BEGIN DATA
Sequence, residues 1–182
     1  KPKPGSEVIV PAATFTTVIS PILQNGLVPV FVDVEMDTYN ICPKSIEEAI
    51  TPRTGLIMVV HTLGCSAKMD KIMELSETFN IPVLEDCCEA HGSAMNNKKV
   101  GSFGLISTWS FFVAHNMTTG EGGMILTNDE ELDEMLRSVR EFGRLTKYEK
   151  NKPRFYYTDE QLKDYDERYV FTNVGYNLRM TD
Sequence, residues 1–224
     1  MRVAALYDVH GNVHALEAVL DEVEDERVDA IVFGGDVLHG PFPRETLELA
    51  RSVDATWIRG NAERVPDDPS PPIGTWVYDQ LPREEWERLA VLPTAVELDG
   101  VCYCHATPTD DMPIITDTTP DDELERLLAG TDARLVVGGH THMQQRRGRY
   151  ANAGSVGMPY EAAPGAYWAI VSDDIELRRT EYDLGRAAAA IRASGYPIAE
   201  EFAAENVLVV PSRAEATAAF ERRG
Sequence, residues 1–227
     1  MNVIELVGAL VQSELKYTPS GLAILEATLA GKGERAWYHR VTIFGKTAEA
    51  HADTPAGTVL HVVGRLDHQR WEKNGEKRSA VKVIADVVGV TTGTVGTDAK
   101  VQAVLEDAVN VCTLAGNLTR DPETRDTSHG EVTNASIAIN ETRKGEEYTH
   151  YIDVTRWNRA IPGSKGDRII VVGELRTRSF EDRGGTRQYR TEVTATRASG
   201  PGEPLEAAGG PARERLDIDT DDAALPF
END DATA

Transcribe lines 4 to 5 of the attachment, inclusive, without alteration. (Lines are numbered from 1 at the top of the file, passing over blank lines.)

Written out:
   101  GSFGLISTWS FFVAHNMTTG EGGMILTNDE ELDEMLRSVR EFGRLTKYEK
   151  NKPRFYYTDE QLKDYDERYV FTNVGYNLRM TD